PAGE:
UPDATE… Another Tornado Confirmed From Wednesday’s Storms

| February 9, 2018 @ 6:10 pm

UPDATE: Another tornado touchdown was confirmed during a damage survey on Friday (2/9/18), making a grand total of 6 tornadoes that occurred during Wednesday morning’s storms. Here is the latest from NWS Birmingham…

Nicholsville (Marengo County)

• EF-0 Tornado (estimated winds of 60 MPH)
• Damage Path Length: 0.80 miles
• Damage Path Width (maximum): 100 yards

A weak EF-0 tornado touched down in the Nicholsville Community in far southern Marengo County. The tornado began roughly just to the northwest of Crystal Lane. Several trees were uprooted or snapped as the tornado crossed Crystal Lane. A barn then sustained significant roof damage, where pieces of the metal roof were thrown about. Additional trees were snapped and uprooted as the tornado crossed County Road 87 and Nicholsville Road. The most significant damage occurred along Nicholsville Road where a portable metal carport was turned upside down, and two large pine trees were snapped. A large barn sustained significant roof damage very close to where the pine trees were snapped. Pieces of the metal roof were thrown at least 100 yards across a field to the east of the barn. A few trees were snapped or had a few large limbs broken off across the field east of Nicholsville Road. The estimated ending point of the tornado was at this location, as no further damage was found to the east.

From NWS Birmingham… (information on the Jemison tornado is located in a previous blog post)

A line of thunderstorms moved across Central Alabama during the morning hours of Wednesday, February 7, 2018. Supercells embedded within the line were responsible for producing large hail, damaging winds, and at least five confirmed tornadoes. An area of damage in southern Marengo County near Sweet Water will be surveyed on Friday to determine if an additional tornado occurred.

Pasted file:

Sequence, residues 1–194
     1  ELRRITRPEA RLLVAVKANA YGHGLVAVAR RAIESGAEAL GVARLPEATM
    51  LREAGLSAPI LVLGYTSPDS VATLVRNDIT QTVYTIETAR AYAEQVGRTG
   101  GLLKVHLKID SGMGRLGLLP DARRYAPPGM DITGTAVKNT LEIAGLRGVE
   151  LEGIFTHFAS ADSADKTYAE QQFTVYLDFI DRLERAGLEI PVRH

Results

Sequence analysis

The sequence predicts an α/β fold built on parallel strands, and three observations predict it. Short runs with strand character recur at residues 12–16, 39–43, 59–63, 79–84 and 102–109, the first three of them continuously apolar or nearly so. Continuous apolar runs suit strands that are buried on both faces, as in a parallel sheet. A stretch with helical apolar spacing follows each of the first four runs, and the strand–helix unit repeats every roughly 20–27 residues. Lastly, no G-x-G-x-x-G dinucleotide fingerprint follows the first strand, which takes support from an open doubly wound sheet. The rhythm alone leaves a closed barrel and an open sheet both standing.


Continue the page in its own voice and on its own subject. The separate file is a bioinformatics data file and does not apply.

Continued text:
Siloam (Sumter County)

• EF-0 Tornado (estimated winds of 80 MPH)
• Damage Path Length: 1.98 miles
• Damage Path Width (maximum): 150 yards

The tornado started on the east side of a private lake south of Buck Creek where it downed 2 trees, one causing minor damage to the westward facing roof of a lake house. The tornado continued generally eastward into a forested area near Buck Creek toward three residences where it downed several trees in a general northerly direction. The tornado continued further east toward a convenience store at the intersection of County Road 9 and Highway 17 where it caused heavy roof damage to the south side of a house and tore two pieces of sheet metal off of the service station on the northeast side. The tornado continued east through a densely forested area with no road access, and timber damage was found further east along a portion of Walker Road between Highway 17 and U.S. Highway 80 where several large trees were downed. The tornado likely dissipated to the east of this point. Dense forest and no roads prevented us from refining the end point.

Shady Grove Road (Bibb County)

• EF-0 Tornado (estimated winds of 65 MPH)
• Damage Path Length: 0.67 miles
• Damage Path Width (maximum): 50 yards

A weak EF-0 tornado touched down just to the west of Shady Grove Road just north of the Randolph Community in SE Bibb County. About 20-30 trees were either snapped or uprooted. Roof damage occurred to one home on Shady Grove Loop when a tree fell on it. Another home had a few shingles removed on Alabama Highway 139. The tornado was estimated to have dissipated just to the east of Highway 139.